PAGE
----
ufitstab.cauchy {alphastable} R Documentation

## ufitstab.cauchy

### Description

estimates the parameters of the Cauchy distribution. Given the initial values of the skewness, scale, and location parameters, it uses the EM algorithm to estimate the parameters of the Cauchy distribution.

### Usage

ufitstab.cauchy(y, beta0, sigma0, mu0, param)

### Arguments

 y vector of observations beta0 initial value of skewness parameter to start the EM algorithm sigma0 initial value of scale parameter to start the EM algorithm mu0 initial value of location parameter to start the EM algorithm param kind of parameterization; must be 0 or 1 for S_0 and S_1 parameterizations, respectively

### Details

Generally the EM algorithm seeks for the ML estimations when the log-likelihood function is not tractable mathematically. This is done by considering an extra missing (or latent) variable when the conditional expectation of the complete data log-likelihood given observed data and a guess of unknown parameter(s) is maximized. So, first we look for a stochastic representation. The representation given by the following proposition is valid for Cauchy distribution. Suppose Y~S_0(1,beta,sigma,mu) and T~S_{1}(1,1,1,0) (here S_0 and S_1 refer to parameterizations S_0 and S_1, respectively). Then Y=sigma*(1-|beta|)*N/Z+sigma*beta*T+mu where N~Z~N(0,1). The random variables N, Z, and T are mutually independent.

### Value

 beta estimated value of the skewness parameter sigma estimated value of the scale parameter mu estimated value of the location parameter

### Note

The set of data considered here is large recorded intensities (in Richter scale) of the earthquake at seismometer locations in western North America between 1940 and 1980, see Davidian and Giltinan (1995). Among the features, we focus on the 182 distances from the seismological measuring station to the epicenter of the earthquake (in km) as the variable of interest. This set of data can be found in package nlme. We note that ufitstab.cauchy() is robust with respect to the initial values.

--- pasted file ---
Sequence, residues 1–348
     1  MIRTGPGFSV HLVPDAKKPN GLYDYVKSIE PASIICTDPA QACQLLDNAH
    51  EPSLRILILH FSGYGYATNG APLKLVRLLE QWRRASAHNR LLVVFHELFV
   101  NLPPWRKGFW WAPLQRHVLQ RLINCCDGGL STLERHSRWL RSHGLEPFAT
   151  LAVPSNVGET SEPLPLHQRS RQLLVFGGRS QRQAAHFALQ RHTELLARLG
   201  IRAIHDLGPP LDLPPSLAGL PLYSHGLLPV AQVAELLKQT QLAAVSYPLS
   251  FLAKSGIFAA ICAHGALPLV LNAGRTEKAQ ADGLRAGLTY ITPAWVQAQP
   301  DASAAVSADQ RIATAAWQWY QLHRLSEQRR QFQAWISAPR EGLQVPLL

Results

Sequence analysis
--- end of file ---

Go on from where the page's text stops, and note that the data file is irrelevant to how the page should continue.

### References

Davidian, M. and Giltinan, D.M. (1995). Nonlinear Mixed Effects Models for Repeated Measurement Data, Chapman and Hall.

### Examples

# In the following example, using the initial values beta_0=0.5, sigma_0=5, and mu_0=10,
# we apply the EM algorithm to estimate the parameters of Cauchy distribution fitted to
# the earthquake data given by the vector y.
y<-c(7.5,  8.8,   8.9,   9.4,   9.7,   9.7,   10.5,  10.5,  12.0,  12.2,  12.8,  14.6,
14.9,  17.6,  23.9,  25.0,  2.9,   3.2 ,  7.6,   17.0,  8.0,   10.0,  10.0,  8.0,
19.0,  21.0,  13.0,  22.0,  29.0,  31.0,  5.8,   12.0,  12.1,  20.5,  20.5,  25.3,
35.9,  36.1,  36.3,  38.5,  41.4,  43.6,  44.4,  46.1,  47.1,  47.7,  49.2,  53.1,
4.0,   10.1,  11.1,  17.7,  22.5,  26.5,  29.0,  30.9,  37.8,  48.3,  62.0,  50.0,
16.0,  62.0,  1.2,   1.6,   9.1,   3.7,   5.3,   7.4,   17.9,  19.2,  23.4,  30.0,
38.9,  10.8,  15.7,  16.7,  20.8,  28.5,  33.1,  40.3,  8.0,   32.0,  30.0,  31.0,
16.1,  63.6,  6.6,   9.3,   13.0,  17.3,  105.0, 112.0, 123.0, 5.0,   23.5,  26.0,
0.5,   0.6,   1.3,   1.4,   2.6,   3.8,   4.0,   5.1,   6.2,   6.8,   7.5,   7.6,
8.4,   8.5,   8.5,   10.6,  12.6,  12.7,  12.9,  14.0,  15.0,  16.0,  17.7,  18.0,
22.0,  22.0,  23.0,  23.2,  29.0,  32.0,  32.7,  36.0,  43.5,  49.0,  60.0,  64.0,
105.0, 122.0, 141.0, 200.0, 45.0,  130.0, 147.0, 187.0, 197.0, 203.0, 211.0, 17.0,
19.6,  20.2,  21.1,  88.0,  91.0,  12.0,  148.0, 42.0,  85.0,  21.9,  24.2,  66.0,
87.0,  23.4,  24.6,  25.7,  28.6,  37.4,  46.7,  56.9,  60.7,  61.4,  62.0,  64.0,
82.0,  107.0, 109.0, 156.0, 224.0, 293.0, 359.0, 370.0, 25.4,  32.9,  92.2,  45.0,
145.0, 300.0)
library("stabledist")
ufitstab.cauchy(y,0.5,5,10,0)


[Package alphastable version 0.2.1 Index]